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China says exports rise for first time in seven months

A cargo ship preparing to berth at the container terminal of Lianyungang Port in China. _AFP
A cargo ship preparing to berth at the container terminal of Lianyungang Port in China. _AFP
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BEIJING: In November, Chinese exports saw their first increase in seven months, marking a positive development amid the ongoing recovery from the Covid-19 pandemic, according to officials in Beijing. However, this improvement should be considered in the context of a low base from the previous year when a zero-Covid policy impacted output and business activity. Despite the rise in overseas shipments by 0.5 percent year-on-year to $291 billion, analysts caution that the recovery may not be sustainable, especially with weak consumer activity domestically and uncertainties in global economies.


Zhiwei Zhang, President and Chief Economist at Pinpoint Asset Management, notes that while exports are showing "sequential growth," it remains uncertain whether they can be a significant growth pillar into the next year. Zhang emphasizes the importance of China relying on domestic demand as the primary driver for growth in 2024, particularly given the cooling economies of Europe and the United States.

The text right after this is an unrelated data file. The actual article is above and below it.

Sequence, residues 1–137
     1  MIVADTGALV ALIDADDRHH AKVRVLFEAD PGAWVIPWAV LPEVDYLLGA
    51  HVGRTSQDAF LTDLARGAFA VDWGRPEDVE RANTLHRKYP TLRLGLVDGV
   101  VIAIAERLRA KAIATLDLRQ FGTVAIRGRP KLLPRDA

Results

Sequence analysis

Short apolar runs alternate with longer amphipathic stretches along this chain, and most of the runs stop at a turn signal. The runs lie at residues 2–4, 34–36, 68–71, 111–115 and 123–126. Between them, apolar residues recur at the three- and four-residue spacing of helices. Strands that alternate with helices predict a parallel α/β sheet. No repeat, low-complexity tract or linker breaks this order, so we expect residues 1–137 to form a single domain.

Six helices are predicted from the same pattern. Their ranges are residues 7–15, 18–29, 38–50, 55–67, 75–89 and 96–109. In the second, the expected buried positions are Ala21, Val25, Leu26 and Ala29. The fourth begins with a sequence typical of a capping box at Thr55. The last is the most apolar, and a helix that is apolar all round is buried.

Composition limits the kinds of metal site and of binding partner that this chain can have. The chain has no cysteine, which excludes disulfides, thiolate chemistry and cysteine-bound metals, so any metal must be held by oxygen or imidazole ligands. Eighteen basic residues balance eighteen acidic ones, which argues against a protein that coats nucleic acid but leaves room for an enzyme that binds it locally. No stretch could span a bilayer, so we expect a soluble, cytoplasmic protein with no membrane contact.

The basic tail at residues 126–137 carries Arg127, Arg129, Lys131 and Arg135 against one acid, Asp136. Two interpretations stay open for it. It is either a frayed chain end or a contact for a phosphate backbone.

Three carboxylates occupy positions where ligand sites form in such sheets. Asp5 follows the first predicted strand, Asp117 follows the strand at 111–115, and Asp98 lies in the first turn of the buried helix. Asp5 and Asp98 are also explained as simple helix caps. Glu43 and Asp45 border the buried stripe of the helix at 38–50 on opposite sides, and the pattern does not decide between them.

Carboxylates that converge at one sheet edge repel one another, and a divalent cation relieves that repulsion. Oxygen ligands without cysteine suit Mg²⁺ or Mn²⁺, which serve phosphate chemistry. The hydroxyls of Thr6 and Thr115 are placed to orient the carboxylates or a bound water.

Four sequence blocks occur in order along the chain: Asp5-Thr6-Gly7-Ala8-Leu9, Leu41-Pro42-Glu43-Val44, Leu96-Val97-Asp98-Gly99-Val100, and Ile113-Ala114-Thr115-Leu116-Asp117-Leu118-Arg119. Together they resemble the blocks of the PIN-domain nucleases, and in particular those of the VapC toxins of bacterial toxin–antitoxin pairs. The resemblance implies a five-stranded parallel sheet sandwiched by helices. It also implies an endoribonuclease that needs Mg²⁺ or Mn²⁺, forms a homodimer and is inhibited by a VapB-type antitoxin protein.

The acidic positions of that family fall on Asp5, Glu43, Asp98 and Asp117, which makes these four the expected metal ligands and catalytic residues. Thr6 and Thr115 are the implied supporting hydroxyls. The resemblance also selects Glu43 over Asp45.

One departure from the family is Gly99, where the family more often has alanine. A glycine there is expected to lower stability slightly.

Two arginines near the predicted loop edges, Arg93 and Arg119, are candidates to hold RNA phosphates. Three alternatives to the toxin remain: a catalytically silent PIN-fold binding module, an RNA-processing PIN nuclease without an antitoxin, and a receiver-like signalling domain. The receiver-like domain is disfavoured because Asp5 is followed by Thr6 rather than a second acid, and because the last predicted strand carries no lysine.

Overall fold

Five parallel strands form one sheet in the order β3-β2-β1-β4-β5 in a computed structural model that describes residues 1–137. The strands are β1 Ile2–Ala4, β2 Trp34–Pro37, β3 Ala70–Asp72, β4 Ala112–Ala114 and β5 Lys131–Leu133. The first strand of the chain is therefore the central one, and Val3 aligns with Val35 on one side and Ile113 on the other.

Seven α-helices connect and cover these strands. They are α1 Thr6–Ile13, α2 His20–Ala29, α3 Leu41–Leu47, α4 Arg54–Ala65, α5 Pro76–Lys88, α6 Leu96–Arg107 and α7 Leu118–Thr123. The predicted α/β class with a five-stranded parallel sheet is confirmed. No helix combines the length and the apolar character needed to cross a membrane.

Chinese exports, typically a key growth driver, have faced a declining trend since October of the previous year, with notable drops in shipments to the United States and the European Union. Importantly, exports to Russia surged over 50 percent, showcasing Beijing's economic ties with its ally amid the ongoing conflict in Ukraine.


On the other hand, imports declined by 0.6 percent to $224 billion in November, indicating a return to contraction after an unexpected increase in October. Analysts suggest that domestic demand in China is not substantially improving, and there is no clear upward trend in exports despite slightly better-than-expected growth.


China's economy, the world's second-largest, expanded moderately by 4.9 percent in the third quarter, slightly below Beijing's target of five percent. Challenges persist, including weak global demand affecting exports, a debt-fueled property crisis, low consumption, and a recent credit rating outlook downgrade by Moody's. Ting Lu, Chief China Economist at Nomura, underscores that property issues remain a significant drag on China's economy, and despite recent stimulus measures, it may be premature to declare a bottom. — AFP


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